‘Stalking horse’ fades in Isaacson Steel acquisition race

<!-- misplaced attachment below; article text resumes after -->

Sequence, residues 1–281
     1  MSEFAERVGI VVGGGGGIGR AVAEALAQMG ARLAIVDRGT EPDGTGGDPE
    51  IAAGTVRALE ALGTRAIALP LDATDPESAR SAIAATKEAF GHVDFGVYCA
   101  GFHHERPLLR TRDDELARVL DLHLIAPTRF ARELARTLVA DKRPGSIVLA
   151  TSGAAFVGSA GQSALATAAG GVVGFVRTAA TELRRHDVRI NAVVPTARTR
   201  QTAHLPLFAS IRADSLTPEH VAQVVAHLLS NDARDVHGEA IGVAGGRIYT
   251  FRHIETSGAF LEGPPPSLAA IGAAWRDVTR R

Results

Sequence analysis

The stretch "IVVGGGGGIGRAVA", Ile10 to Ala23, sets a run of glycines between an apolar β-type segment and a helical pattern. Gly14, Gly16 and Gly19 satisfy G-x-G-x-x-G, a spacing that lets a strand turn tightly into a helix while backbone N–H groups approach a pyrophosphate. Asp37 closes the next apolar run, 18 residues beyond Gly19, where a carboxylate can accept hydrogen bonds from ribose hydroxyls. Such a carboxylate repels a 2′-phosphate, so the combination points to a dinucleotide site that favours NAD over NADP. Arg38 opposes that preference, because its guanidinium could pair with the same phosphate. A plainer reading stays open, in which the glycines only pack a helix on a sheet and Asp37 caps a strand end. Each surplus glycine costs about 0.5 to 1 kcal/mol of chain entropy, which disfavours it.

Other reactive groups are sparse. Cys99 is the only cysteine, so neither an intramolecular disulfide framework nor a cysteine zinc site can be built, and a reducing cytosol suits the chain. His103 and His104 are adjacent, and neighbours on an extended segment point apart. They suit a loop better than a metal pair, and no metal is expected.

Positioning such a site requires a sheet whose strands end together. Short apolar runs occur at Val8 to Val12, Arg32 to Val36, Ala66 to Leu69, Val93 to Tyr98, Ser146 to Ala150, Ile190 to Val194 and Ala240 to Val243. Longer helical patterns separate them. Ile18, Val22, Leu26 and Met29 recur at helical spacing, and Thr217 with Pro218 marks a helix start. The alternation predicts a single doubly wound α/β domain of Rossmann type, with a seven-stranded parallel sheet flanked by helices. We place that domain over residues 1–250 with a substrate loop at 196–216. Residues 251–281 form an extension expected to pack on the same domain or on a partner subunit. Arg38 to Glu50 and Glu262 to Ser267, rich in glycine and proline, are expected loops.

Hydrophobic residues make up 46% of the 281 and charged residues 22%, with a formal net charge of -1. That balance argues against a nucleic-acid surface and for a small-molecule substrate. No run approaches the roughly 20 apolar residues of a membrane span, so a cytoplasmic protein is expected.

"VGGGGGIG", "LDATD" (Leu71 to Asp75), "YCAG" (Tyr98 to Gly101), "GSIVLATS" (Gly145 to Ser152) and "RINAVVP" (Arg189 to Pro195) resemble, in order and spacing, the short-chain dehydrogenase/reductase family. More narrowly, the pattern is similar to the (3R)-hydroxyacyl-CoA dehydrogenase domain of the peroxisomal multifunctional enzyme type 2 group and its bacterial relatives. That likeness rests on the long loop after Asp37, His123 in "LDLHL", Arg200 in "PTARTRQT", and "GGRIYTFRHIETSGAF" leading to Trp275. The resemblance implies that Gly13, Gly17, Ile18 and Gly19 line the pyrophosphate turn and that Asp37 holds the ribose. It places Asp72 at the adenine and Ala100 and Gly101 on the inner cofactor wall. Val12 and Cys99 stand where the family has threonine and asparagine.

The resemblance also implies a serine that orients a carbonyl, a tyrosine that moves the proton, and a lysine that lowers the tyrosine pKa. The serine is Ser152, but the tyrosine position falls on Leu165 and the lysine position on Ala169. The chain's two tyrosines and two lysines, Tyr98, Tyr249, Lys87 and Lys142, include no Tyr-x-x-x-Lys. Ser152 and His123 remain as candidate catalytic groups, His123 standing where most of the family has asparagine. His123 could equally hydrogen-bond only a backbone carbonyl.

A potential buyer of Isaacson Structural Steel has backed out at the last minute, and the bankrupt Berlin company is scheduled to be auctioned on Feb. 29.Whether it will be bought as a going concern and the jobs of 150 workers preserved, or whether it will be sold off in pieces, is now anybody’s guess.At the end of January, it looked like a “stalking horse” firm, Heico, would ride in to the rescue from Chicago, bringing Isaacson out of Chapter 11 bankruptcy, which it’s been in since June.Heico, a construction and manufacturing conglomerate with 35 companies — including a metal fabrication company that’s very similar to Isaacson — was willing to take the company as a whole.It was never definite whether the deal would go through. There were some objections to the stalking horse tactic. The committee representing unsecured creditors objected to the motion, saying that there weren’t enough details in the filing — such as the price offered by Heico — for them to agree to it.In any case, Heico backed out Tuesday afternoon, and nobody involved with negotiation could give a good reason why that happened.”We spent a lot of time in negotiations,” said William Gannon, an attorney for Isaacson. “A lot of people worked very hard to make this transaction feasible. The sincerity was truly incredible. We hope that all that work will make it easier for another buyer to step in.”Gannon said that there were discussions under way with a number of buyers. One source said that a meeting was set up Monday with a buyer from New England that planned to continue operations in Berlin, though perhaps at a lesser level than it currently operates.According to a draft schedule, which still has to be filed and approved by the bankruptcy court in Manchester, nonbinding “indications of interest” must be sent by Feb. 13, and actual bids must be sent in by Feb. 22.But that schedule could change if another, or the same, viable stalking horse emerges.Meanwhile, Isaacson faces another challenge. Its major contract with Turner Construction to build and erect steel for a 26-story building in Boston is winding down, and Turner has filed a “winding down” budget with the bankruptcy court.It has been the income from that contract, along with temporary financing, that has kept the company going as long as it has. But that job should be finished by March 1. — BOB SANDERS/NEW HAMPSHIRE BUSINESS REVIEW

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